Analysis of 2, 6 di-tertiary Butyl para Cresol Dielectric Fluid Inhibitor with a Portable Infrared Analyzer
The electrical transformer is an essential link in the power distribution grid.
By Sandy Rintoul & Ronald Hontert
The electrical transformer is an essential link in the power distribution grid. This link is necessary to step down the high voltage electricity transmission for use in businesses and homes. The performance of the transformers depends on several factors, including the condition of the dielectric fluid and the paper insulation around the copper coil windings.1 The dielectric fluid is used for the purpose of insulation and as a cooling medium for the transformer. The most common of these liquids today is mineral oil. During the life of the transformer, the mineral oil and paper are subjected to some adverse influences that can cause it to break down. Heat, moisture and oxygen are three main factors that affect the life of the transformer. In an attempt to minimize the detrimental actions of oxygen during operation, the oxidation inhibitor 2,6 Di-tertiary Butyl p Cresol (DBPC) or in some cases 2,6 Di-tertiary-Butyl Phenol (DBP), is added to the mineral oil at about 0.3 weight percent (wt %). Over time, the inhibitor is used up and it becomes necessary to analyze the oil for the remaining DBPC and add an additional amount to return to the optimum value of 0.3 wt %2. This can be accomplished quantitatively with infrared spectroscopy. The test for the inhibitor in the mid IR range is a good choice because of the excellent absorbance of the organic chemicals in this spectral region at the exclusion of any interference from the mineral oil 3. The absorbance of light through a medium is given by:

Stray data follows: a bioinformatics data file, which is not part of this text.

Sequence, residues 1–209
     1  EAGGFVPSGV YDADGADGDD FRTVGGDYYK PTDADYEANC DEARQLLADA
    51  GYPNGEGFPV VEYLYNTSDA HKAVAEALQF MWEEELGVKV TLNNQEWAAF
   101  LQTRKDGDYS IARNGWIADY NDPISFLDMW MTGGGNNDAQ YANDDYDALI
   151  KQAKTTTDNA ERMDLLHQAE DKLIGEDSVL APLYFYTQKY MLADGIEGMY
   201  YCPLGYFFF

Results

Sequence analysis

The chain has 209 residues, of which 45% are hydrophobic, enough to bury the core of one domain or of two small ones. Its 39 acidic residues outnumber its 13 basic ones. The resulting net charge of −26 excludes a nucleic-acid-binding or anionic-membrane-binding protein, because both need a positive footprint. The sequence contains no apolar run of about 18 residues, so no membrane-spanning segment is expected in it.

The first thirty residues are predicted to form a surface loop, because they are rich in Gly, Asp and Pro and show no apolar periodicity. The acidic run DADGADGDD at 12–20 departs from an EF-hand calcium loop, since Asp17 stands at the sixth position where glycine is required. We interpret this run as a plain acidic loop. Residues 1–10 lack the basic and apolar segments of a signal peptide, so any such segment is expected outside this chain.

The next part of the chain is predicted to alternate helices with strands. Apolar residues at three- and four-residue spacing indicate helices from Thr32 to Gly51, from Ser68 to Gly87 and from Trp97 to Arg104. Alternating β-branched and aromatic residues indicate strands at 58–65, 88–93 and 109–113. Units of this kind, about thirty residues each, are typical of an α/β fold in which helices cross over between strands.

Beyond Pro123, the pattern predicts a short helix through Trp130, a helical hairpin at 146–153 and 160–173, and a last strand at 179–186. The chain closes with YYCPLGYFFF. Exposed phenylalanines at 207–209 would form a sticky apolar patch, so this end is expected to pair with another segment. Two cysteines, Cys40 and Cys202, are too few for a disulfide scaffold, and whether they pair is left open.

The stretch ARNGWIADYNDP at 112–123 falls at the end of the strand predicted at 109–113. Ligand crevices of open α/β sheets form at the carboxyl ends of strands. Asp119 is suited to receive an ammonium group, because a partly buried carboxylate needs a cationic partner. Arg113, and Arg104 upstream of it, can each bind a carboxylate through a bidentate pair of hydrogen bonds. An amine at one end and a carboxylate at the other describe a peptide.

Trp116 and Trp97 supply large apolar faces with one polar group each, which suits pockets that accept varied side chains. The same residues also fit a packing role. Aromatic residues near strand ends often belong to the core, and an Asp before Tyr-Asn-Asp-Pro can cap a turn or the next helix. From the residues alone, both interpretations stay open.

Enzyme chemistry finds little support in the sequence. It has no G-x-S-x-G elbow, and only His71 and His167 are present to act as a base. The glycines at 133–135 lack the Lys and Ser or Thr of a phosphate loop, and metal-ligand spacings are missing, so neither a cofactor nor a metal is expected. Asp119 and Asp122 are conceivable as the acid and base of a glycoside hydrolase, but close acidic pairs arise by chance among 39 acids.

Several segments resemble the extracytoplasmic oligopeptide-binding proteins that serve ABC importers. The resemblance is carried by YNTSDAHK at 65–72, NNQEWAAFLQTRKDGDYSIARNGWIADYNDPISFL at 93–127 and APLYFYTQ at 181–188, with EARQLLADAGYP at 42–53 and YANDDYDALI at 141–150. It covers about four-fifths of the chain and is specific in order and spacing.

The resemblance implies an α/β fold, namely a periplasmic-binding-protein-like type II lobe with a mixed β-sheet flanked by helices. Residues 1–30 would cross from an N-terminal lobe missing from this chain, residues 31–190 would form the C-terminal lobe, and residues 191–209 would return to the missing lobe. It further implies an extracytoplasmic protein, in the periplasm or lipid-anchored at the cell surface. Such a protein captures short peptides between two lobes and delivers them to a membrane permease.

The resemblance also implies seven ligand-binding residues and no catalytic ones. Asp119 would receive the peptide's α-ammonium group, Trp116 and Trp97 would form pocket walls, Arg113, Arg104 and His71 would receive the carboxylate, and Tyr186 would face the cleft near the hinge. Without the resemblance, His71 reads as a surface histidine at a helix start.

where IR is the intensity of the incident beam and IA is the power of the transmitted light. (See Figure 1.)
The absorbance of a solution of the DBPC inhibitor in the mineral oil adheres to Beer-Lambert Law, which states that the absorbance is a function of the concentration. Deviations from linearity can be determined by obtaining absorbance values from known amounts of inhibitor in mineral oil and by creating a calibration table, see Chart 1, Graph 1, page 46.
Beer Lambert Law: A = abc
- = Wavelength dependent molar absorbtivity of a particular analyte
- = light path of the sample cell
- = analyte concentration
Figure 1: The Measurement of IR Absorption of a transparent sample by Transmission
Since both a and b are constants for a given analyte, we can represent this value by k. The k value is the same for both the standard and the sample and, therefore, will be cancelled out. This fact allows us to represent the relationship between the inhibitor standard and the concentration in the sample by the equation: